We all know the difference between an answer and a person. After a particularly messy automobile collision the answer to all the problems plaguing health care is hardly as useful as a skilled physician who stops at the scene and administers care to you, stopping profuse bleeding. While the physician may have decided ideas about what makes good health care in general, you are grateful that you have his person administering care to you, rather than hearing a disquisition about health care from him. Answers are one thing. Persons are another. Christ is a person. Not merely an answer to the cosmic questions. Not a myth giving you clues about the "god within." He is the Son of God, born of the Virgin Mary, who is administering lifesaving triage on dying persons like us.


This is the God-Man the unlearned apostles preached to a hostile world. With Him they conquered where they had no expectation of victory. This is the One whom we have received in our baptism, who feeds us on His body and blood. Him we proclaim. He will triumph. He is not an idea. He is a Person for us. The Person.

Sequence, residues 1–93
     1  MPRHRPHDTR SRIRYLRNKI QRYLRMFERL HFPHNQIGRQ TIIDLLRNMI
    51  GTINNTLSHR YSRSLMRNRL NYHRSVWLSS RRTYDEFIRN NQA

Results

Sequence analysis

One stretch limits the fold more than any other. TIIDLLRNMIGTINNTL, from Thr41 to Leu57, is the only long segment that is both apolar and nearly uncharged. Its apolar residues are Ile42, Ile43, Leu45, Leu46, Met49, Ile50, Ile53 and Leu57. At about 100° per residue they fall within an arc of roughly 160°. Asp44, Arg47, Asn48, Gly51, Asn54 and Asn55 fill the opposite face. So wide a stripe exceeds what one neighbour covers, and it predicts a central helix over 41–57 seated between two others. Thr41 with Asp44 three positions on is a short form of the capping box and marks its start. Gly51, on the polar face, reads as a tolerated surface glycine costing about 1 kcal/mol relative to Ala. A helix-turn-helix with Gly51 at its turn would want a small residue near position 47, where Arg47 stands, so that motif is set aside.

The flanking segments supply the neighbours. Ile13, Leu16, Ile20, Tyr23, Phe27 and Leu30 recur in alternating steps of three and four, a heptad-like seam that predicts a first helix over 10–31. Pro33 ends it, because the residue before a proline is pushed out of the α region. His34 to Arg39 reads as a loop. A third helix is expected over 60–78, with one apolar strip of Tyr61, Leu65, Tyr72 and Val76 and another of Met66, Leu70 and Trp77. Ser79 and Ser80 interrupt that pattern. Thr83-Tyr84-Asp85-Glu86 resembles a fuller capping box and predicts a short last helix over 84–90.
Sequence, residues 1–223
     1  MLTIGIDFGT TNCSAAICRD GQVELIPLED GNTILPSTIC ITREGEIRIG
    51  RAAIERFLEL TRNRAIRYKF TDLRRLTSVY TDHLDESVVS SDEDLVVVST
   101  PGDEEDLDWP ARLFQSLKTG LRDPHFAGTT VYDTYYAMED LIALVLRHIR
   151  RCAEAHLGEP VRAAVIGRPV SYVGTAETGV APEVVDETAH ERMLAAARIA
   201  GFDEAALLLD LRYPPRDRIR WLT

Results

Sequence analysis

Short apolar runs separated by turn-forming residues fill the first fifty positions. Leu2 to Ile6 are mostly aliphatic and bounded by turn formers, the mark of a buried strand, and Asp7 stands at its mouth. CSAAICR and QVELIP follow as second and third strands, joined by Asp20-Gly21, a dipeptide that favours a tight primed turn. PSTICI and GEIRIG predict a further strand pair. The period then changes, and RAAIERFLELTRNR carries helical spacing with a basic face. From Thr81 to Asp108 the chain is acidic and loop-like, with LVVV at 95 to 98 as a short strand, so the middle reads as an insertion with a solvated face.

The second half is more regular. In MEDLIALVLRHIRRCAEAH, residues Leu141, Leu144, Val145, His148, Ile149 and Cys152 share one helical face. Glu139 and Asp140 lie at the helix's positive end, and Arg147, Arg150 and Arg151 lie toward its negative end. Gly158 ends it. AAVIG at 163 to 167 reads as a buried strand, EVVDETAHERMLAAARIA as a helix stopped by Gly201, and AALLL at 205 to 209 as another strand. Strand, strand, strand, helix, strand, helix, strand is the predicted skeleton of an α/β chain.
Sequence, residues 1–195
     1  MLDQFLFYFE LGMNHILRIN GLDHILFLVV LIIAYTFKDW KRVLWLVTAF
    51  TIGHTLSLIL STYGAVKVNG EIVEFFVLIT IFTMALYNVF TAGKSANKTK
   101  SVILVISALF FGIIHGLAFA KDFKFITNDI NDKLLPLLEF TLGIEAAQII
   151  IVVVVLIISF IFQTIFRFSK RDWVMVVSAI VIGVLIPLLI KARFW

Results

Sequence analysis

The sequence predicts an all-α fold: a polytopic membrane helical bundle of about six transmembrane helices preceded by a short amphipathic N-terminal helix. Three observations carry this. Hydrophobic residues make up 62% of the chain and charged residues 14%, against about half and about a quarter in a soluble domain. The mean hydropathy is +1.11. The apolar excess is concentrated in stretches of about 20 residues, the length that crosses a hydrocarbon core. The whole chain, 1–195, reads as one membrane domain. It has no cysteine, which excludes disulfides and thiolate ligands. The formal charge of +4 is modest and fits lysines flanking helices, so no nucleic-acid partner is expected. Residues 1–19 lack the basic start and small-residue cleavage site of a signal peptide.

John Chrysostom


"It was not possible according to human cause and effect that fishermen should get the better of philosophers. But nevertheless it became possible. Clearly by grace it became so. It was not possible for them even to conceive such great exploits. They not only conceived, but brought them to a conclusion with great ease. How did it enter their minds to expect to overcome the world, unless they had seen Christ after He was risen? What? Were they beside themselves, to reckon upon any such thing without consideration and at random? For it goes even beyond all madness, without divine grace, to look for success in so great an undertaking. How did they succeed in it, if they were insane and frenzied? But if they were in their sober senses, as indeed the events showed, how, but on receiving credible pledges from the heavens and enjoying the influence which is from above, did they undertake to go forth to such great wars, and to make their venture against earth and sea, and to strip for battle and stand their ground so nobly, for a change in the customs of the whole world which had been so long fixed, since they were but twelve men?